Can CBD Help With Hot Flashes?

  • Studies show that CBD has anti-anxiety properties that may help reduce hot flashes[1].
  • CBD has been found to affect serotonin, which is a natural mood stabilizer in humans[2].
  • A 2018 study found that CBD significantly reduced anxiety, depression, and stress[3].
  • Still, no substantial evidence indicates that CBD is useful for all menopausal symptoms, especially hot flashes.

Why People Are Turning to CBD for Hot Flashes

A hot flash is reported as feelings of warmth in the upper body, such as the face, neck, and chest. It includes sweating, flushing, rapid heartbeat, and chills[4].

Hot flashes are also the most common symptom of menopause. It is the time when a woman’s menstrual period becomes irregular and eventually stops.

A study reported that up to 85% of menopausal women experience hot flashes[5]. Women may feel mild to intense hot flashes as often as several times a day.

It is not exactly clear what causes hot flashes. However, most research suggests that hot flashes occur when decreased estrogen levels cause the body’s thermostat to become more sensitive to slight changes in its temperature[6].

When the hypothalamus thinks the body is too warm, it starts a chain of events, such as a hot flash, to cool it down.

Some people turn to natural or alternative remedies to treat their hot flashes and other menopausal symptoms. One of the options is the CBD oil.

CBD oil (cannabidiol) is a chemical compound derived from cannabis plants. It is touted as a natural, organic remedy for a wide range of health concerns.

Multiple studies suggest that CBD helps relieve symptoms relating to menopause.

According to a 2010 study, CBD has anti-anxiety and antidepressant properties that may reduce anxiety and depression symptoms. It is found to affect serotonin, which is a natural mood stabilizer in humans[7].

A 2016 case study also showed that CBD oil reduced sleep disturbances and anxiety in people with post-traumatic stress disorder (PTSD)[8].

In addition, researchers reported that CBD might play a role in bone density loss by interacting with a cannabinoid receptor[9]. Therefore, it was concluded that CBD might be able to reduce the rate of bone density loss that can occur during menopause.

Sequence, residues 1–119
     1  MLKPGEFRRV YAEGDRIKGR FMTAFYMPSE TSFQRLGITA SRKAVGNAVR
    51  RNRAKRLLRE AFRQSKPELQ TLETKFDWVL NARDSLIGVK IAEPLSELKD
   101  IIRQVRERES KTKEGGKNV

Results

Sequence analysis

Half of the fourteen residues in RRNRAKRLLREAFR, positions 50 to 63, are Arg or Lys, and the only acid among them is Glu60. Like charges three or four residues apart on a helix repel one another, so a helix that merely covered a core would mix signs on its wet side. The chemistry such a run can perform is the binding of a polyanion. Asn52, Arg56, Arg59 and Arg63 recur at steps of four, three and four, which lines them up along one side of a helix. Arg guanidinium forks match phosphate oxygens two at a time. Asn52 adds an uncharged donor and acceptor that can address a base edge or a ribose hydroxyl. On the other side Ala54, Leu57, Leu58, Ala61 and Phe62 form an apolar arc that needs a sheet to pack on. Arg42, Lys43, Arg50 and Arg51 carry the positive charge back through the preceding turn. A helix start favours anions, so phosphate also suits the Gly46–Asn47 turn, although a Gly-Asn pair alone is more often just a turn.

Although CBD oil may be helpful for some of these symptoms, no evidence indicates that CBD is likely to be effective for all menopausal symptoms, especially hot flashes.

How CBD Oil Works for Hot Flashes

CBD works on the body by interacting with cannabinoid receptors to help with various symptoms of menopause.

The body has an endocannabinoid system (ECS) with two receptors, the CB1 and CB2. These cannabinoid receptors have a specific function in different parts of the body.

According to research, the ECS impacts female reproductive tissues and processes. This system plays an essential role in mood and temperature regulation, pain, sleep, memory, immune function, fertility, and reproduction[10].

A study reported that CBD affects serotonin, which is a neurotransmitter in the brain[11]. Since hot flashes have a neurochemical basis, CBD shows the potential to relieve these menopause symptoms.

CBD may also help with hot flashes by targeting one of their biggest triggers: anxiety. A 2018 study found that CBD significantly reduced anxiety, depression, and stress[12].

However, despite its promising benefits, there are limited studies on CBD and its impact on hormones and menopause. Similarly, CBD has not shown to increase estrogen, a hormone that reduces hot flashes[13].

Due to a lack of laboratory tests conducted, CBD’s safety and efficacy as a treatment for hot flashes have not been proven. According to research, the most recommended and effective treatment for hot flashes is hormone therapy[14].